01 Aug Say NO to Anesthesia Free Dental Cleanings
We know you want the best for your pet and often pet owners are nervous about taking their pet for a veterinary dental cleaning because they are fearful about their pet being put under anesthesia for the procedure. Under the correct protocols, anesthesia is very safe and is far less dangerous than the periodontal disease that will develop without proper cleanings.
Reasons not to Choose Anesthesia Free Dentals for Your Pet
Those that provide Anesthesia Free Dentistry or No Anesthesia Dentistry (NAD) would like you to believe by removing visible tartar from the teeth they are improving oral health. This is just not the case and Apex Dog and Cat Dentistry wants you to consider the following reasons not to choose an anesthesia free dental for your pet:
› Scaling (scraping surface of the tooth with an instrument) the plaque and tartar from the outside surfaces of the teeth does not remove the plaque and bacteria from beneath your pet’s gumline and does not decrease the risk of your pet getting periodontal disease. Consider this, the same level of “gross” build up you see on your pet’s teeth, is also thriving beneath their gumline where you can’t see it or the damage it’s doing. Cleaning and scaling below the gum line is most important because it’s where periodontal disease is most active. This can’t be done without anesthesia.
› Anesthesia free dental cleanings require your pet to be restrained while the visible tartar is removed. In some cases this is stressful and painful. It is not fair to put your beloved dog or cat through the process without anesthesia.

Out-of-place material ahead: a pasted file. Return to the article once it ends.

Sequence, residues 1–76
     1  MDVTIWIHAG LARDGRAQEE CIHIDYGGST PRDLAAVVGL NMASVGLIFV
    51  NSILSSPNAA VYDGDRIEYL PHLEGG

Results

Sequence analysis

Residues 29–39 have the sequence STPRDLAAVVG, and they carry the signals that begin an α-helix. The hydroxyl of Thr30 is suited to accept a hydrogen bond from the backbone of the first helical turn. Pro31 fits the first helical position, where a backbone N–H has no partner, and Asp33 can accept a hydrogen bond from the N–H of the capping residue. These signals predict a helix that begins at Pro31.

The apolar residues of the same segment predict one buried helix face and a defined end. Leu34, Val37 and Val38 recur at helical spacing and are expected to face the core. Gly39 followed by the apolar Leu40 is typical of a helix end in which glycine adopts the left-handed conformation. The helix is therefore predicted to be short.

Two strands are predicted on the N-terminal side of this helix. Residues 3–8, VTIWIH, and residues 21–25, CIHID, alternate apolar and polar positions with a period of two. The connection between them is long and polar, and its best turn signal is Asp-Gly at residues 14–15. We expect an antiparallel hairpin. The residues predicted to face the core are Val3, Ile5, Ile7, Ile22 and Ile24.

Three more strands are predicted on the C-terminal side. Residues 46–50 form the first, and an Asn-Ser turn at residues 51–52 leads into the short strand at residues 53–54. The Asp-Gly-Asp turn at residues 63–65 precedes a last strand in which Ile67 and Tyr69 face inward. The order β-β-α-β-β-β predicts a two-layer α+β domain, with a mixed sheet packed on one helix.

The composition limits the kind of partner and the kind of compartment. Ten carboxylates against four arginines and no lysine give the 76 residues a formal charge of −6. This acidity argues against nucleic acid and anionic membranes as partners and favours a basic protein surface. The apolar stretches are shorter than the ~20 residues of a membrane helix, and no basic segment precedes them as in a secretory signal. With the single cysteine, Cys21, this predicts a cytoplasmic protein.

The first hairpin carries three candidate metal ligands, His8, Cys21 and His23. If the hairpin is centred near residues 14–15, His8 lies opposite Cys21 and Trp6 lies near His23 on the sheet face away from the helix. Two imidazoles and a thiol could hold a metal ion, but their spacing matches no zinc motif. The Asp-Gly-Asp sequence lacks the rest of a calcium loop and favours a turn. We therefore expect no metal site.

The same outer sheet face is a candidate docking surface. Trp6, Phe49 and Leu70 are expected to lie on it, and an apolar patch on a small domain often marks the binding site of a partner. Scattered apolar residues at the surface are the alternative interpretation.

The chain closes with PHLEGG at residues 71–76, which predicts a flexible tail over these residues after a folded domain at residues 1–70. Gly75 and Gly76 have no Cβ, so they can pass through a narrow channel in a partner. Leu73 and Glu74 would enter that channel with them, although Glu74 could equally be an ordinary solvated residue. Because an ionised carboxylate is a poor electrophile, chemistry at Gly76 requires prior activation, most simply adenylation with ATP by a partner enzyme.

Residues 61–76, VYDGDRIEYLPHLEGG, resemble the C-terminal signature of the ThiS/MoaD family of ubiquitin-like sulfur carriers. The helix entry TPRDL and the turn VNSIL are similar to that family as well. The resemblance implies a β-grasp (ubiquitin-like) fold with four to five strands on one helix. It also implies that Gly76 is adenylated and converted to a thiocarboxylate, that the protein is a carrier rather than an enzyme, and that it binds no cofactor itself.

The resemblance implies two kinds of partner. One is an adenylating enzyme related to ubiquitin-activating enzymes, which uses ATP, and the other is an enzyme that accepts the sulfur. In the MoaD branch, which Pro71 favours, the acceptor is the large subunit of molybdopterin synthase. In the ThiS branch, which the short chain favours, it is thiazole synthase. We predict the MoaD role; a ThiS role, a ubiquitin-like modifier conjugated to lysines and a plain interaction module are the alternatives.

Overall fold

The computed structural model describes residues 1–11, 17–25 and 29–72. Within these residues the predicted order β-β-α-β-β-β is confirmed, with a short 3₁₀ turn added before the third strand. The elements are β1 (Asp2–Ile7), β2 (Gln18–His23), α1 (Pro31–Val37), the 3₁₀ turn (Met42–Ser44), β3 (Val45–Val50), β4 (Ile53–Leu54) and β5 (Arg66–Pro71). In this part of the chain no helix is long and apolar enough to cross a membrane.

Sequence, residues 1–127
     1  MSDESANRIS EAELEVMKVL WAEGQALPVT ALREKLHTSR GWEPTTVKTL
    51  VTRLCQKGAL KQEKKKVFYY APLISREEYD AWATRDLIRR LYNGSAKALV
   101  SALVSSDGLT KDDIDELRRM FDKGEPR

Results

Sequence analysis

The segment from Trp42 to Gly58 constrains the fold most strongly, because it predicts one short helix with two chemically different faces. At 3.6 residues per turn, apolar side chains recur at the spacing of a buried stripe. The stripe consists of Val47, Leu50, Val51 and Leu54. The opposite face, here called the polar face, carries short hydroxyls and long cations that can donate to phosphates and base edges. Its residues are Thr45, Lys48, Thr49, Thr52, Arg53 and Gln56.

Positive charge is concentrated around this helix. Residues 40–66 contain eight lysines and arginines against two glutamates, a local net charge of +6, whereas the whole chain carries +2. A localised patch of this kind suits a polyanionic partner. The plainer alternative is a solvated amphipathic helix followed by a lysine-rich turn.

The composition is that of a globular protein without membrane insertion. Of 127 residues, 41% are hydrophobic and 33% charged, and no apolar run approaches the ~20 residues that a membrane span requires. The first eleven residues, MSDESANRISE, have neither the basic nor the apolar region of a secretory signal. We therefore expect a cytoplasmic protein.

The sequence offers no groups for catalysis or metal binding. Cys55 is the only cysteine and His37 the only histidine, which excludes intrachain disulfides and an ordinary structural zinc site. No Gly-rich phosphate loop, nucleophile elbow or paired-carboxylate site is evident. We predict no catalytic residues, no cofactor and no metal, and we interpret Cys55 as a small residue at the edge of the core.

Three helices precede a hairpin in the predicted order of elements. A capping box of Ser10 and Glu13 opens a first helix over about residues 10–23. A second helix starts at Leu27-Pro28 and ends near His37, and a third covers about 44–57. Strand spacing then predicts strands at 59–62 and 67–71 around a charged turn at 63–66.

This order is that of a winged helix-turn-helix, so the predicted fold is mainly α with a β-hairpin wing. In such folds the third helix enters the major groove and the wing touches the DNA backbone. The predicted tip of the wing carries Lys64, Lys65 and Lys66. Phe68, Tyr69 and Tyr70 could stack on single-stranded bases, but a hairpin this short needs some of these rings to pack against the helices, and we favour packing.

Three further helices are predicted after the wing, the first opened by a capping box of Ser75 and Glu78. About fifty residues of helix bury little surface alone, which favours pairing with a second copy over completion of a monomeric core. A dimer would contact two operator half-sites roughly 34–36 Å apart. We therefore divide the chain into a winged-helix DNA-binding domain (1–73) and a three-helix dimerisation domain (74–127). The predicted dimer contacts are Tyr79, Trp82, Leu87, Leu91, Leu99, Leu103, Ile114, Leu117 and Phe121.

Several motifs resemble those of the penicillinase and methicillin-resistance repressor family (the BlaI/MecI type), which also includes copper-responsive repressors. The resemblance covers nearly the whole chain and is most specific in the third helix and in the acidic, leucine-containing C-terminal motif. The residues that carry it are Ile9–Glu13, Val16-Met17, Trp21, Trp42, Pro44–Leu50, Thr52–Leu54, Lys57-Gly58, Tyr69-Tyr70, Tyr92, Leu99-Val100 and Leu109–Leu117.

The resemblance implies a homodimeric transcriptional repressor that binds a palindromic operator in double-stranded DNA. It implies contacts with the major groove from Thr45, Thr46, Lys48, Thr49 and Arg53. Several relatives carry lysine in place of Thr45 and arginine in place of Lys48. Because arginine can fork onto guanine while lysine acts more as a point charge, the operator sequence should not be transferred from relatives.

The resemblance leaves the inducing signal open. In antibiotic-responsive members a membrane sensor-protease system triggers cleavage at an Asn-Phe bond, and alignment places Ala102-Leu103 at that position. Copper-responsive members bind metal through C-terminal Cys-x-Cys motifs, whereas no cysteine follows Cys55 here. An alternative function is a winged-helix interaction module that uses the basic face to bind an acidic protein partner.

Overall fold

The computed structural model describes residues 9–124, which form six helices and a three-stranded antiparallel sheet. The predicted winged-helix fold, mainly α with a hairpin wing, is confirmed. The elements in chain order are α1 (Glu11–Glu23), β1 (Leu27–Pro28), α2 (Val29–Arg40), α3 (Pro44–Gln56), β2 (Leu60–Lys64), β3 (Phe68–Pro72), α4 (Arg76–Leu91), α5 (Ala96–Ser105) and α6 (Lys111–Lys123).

› There are few visible signs of periodontal infection before it has progressed too far to treat and save teeth. Anesthesia is needed to best evaluate periodontal disease with the help of a dental probe and x-ray examination to truly sense what is going on below the gumline.
› A thorough oral health exam can’t be done on a dog or cat that is awake. During a thorough oral health exam, all surfaces of your pet’s mouth are evaluated and radiographs are taken. This allows a veterinarian to identify painful problems including broken teeth, periodontal disease or even oral tumors.
› Teeth that have been scaled and not polished are a prime breeding ground for more bacteria growth which perpetuates oral disease.
› Anesthesia free dental cleanings provide no benefit to your pet and do not prevent periodontal disease at any level. In fact, it gives you a false sense of security as a pet owner that because the teeth look whiter that they are healthier.
› The costs of anesthesia free dental cleanings are cheap to begin with. The ultimate costs to both your wallet, and pet’s dental health, are far more of an expense.
“My veterinarian offers Non-Anesthesia Dentals”
Please remember the American Animal Hospital Association only certifies those veterinary hospitals who adhere to strict guidelines meant to assure pet owners their pet is receiving the highest level of care. One of these standards is that all dental cleanings and procedures are completed under anesthesia. You can read the AAHA Dental Guidelines at www.aaha.org.
Veterinary practices that allow non-anesthesia dentals are in direct conflict with all the recognized experts in veterinary dentistry: American Veterinary Dental College (www.avdc.org), Academy of Veterinary Dentistry, Academy of Veterinary Dental Technicians, European Veterinary Dental College, as well as the American College of Veterinary Anesthesia and Analgesia. These specialty groups advocate for veterinarians to provide a full dental cleaning under anesthesia, including dental x-rays, so you can be assured your pet’s oral health is being thoroughly evaluated.